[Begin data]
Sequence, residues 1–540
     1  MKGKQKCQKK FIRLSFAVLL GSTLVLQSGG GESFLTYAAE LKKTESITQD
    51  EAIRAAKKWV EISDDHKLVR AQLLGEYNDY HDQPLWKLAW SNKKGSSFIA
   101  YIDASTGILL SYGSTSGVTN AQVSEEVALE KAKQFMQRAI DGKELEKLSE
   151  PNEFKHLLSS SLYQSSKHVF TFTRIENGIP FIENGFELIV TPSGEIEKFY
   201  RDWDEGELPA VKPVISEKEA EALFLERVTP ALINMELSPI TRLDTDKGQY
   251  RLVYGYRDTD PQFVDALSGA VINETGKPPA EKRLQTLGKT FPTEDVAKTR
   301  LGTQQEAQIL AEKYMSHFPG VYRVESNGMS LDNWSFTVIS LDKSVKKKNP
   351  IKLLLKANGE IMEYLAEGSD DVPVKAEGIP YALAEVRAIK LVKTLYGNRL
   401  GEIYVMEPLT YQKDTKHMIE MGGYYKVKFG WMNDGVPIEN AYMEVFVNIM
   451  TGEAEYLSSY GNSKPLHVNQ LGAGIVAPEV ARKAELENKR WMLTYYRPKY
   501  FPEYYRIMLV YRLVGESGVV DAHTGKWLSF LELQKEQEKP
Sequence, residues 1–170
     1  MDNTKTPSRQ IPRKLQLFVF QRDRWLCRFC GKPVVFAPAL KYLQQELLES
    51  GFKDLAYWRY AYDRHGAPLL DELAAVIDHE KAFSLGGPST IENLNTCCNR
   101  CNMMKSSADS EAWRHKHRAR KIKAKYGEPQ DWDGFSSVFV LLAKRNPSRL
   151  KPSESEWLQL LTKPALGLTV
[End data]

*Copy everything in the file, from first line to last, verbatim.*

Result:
Sequence, residues 1–540
     1  MKGKQKCQKK FIRLSFAVLL GSTLVLQSGG GESFLTYAAE LKKTESITQD
    51  EAIRAAKKWV EISDDHKLVR AQLLGEYNDY HDQPLWKLAW SNKKGSSFIA
   101  YIDASTGILL SYGSTSGVTN AQVSEEVALE KAKQFMQRAI DGKELEKLSE
   151  PNEFKHLLSS SLYQSSKHVF TFTRIENGIP FIENGFELIV TPSGEIEKFY
   201  RDWDEGELPA VKPVISEKEA EALFLERVTP ALINMELSPI TRLDTDKGQY
   251  RLVYGYRDTD PQFVDALSGA VINETGKPPA EKRLQTLGKT FPTEDVAKTR
   301  LGTQQEAQIL AEKYMSHFPG VYRVESNGMS LDNWSFTVIS LDKSVKKKNP
   351  IKLLLKANGE IMEYLAEGSD DVPVKAEGIP YALAEVRAIK LVKTLYGNRL
   401  GEIYVMEPLT YQKDTKHMIE MGGYYKVKFG WMNDGVPIEN AYMEVFVNIM
   451  TGEAEYLSSY GNSKPLHVNQ LGAGIVAPEV ARKAELENKR WMLTYYRPKY
   501  FPEYYRIMLV YRLVGESGVV DAHTGKWLSF LELQKEQEKP
Sequence, residues 1–170
     1  MDNTKTPSRQ IPRKLQLFVF QRDRWLCRFC GKPVVFAPAL KYLQQELLES
    51  GFKDLAYWRY AYDRHGAPLL DELAAVIDHE KAFSLGGPST IENLNTCCNR
   101  CNMMKSSADS EAWRHKHRAR KIKAKYGEPQ DWDGFSSVFV LLAKRNPSRL
   151  KPSESEWLQL LTKPALGLTV